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Five smart ways to use your tax return

Posted by on Jun 1, 2015 in Deleted | 0 comments

Expecting an income tax refund? Before rushing out to spend it, consider how you can put it to work to enhance your financial future.

You just pushed the send button on your income tax return and you can’t wait for your refund to be deposited into your account. But before you start thinking about using that money for an exotic vacation or a down payment on a new car, you may want to think instead about how it can enhance your family’s financial picture over the long term.

Here are five options to consider:

1. Start an emergency fund

At some time in your life, one of the following things may happen: You will lose your job; your car will break down when you need it for work; or you will need to take extended, unpaid time off work to care for a sick or dying family member. By having the money to cover about three to six months of necessary living expenses in an easily accessible, high-interest emergency savings account or a TFSA (if you have contribution room), you will be better able to financially weather a crisis. Your income tax refund can form the basis for an emergency fund, or enhance your current emergency savings.

2. Top up your RRSP

For the 2014 tax year, the Registered Retirement Savings Plan (RRSP) contribution limit was 18% of earned income from the previous year, to a maximum of $24,270 (with adjustments for company-sponsored pension plan contributions). Yet according to a study by the BMO Financial Group, only 57% of Canadians had made an RRSP contribution for the 2014 tax year before the March 2, 2015 deadline, with the average contribution being $3,737. If you haven’t been contributing the maximum to your RRSP, you can use your income tax refund to help accumulate a larger nest egg for your retirement. The interest on your money will also compound over a longer period than if you only make contributions at the end of each year.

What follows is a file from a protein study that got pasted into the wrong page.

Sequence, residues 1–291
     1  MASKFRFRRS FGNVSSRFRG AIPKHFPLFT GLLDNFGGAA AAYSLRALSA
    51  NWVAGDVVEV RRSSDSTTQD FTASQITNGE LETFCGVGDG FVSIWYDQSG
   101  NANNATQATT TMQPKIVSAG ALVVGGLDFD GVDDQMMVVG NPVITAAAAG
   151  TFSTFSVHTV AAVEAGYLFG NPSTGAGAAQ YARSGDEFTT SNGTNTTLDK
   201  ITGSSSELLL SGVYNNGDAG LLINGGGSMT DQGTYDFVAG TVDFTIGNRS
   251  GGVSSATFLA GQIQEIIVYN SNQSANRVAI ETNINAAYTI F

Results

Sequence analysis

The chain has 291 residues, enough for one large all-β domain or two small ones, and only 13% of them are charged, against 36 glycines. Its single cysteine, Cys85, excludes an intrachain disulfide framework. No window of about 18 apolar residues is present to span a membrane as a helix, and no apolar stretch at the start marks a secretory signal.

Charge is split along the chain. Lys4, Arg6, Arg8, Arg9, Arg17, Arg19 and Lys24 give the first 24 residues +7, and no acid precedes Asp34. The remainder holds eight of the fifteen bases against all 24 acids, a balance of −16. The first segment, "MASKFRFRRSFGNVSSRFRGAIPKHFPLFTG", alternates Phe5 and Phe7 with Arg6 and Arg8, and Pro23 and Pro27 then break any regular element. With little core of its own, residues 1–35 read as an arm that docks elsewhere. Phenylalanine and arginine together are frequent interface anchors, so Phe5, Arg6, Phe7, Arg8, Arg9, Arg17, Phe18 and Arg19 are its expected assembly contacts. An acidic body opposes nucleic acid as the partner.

3. Pay down credit card debt

According to calculations by CreditCards.com, the average adult Canadian carries about three credit cards. The Canadian Bankers Association reports that about 60% of Canadians pay off their accounts in full each month – but that means that 40% of us are paying interest rates of 15% to 20% on our outstanding balances. Paying down or paying off your credit card debt will give you more disposable income to boost your retirement savings.


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